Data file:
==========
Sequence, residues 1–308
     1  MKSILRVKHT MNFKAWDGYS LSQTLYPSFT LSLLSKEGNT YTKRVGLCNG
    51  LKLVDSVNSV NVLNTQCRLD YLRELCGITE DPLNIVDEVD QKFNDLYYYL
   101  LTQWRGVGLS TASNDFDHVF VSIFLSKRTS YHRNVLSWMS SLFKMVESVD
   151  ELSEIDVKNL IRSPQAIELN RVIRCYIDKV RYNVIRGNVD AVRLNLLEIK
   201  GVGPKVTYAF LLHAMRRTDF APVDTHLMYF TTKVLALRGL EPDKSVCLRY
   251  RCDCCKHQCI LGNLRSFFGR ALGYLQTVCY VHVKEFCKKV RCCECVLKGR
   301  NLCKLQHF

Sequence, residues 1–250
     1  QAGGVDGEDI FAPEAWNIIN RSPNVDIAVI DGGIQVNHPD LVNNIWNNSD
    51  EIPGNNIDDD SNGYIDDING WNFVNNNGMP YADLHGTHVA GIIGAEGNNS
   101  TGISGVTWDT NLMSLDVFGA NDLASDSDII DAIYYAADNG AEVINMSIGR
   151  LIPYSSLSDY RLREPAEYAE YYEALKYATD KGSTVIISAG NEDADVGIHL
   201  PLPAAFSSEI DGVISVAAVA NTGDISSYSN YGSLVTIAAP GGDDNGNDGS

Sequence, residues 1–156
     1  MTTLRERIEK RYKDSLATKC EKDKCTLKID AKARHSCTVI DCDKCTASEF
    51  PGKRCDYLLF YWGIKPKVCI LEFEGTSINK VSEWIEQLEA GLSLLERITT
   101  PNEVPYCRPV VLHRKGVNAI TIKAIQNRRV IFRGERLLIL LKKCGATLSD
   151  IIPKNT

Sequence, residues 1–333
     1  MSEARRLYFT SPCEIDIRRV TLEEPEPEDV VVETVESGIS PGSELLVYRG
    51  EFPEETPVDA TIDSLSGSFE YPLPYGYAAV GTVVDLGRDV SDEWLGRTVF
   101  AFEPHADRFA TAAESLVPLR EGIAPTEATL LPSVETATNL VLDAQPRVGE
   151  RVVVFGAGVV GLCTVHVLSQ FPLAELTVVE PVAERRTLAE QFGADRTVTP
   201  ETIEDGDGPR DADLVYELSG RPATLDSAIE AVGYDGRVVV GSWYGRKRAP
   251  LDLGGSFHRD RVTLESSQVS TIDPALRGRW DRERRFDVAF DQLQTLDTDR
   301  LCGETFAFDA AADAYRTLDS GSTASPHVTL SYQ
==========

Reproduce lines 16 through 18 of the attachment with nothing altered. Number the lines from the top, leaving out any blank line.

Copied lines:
     1  MTTLRERIEK RYKDSLATKC EKDKCTLKID AKARHSCTVI DCDKCTASEF
    51  PGKRCDYLLF YWGIKPKVCI LEFEGTSINK VSEWIEQLEA GLSLLERITT
   101  PNEVPYCRPV VLHRKGVNAI TIKAIQNRRV IFRGERLLIL LKKCGATLSD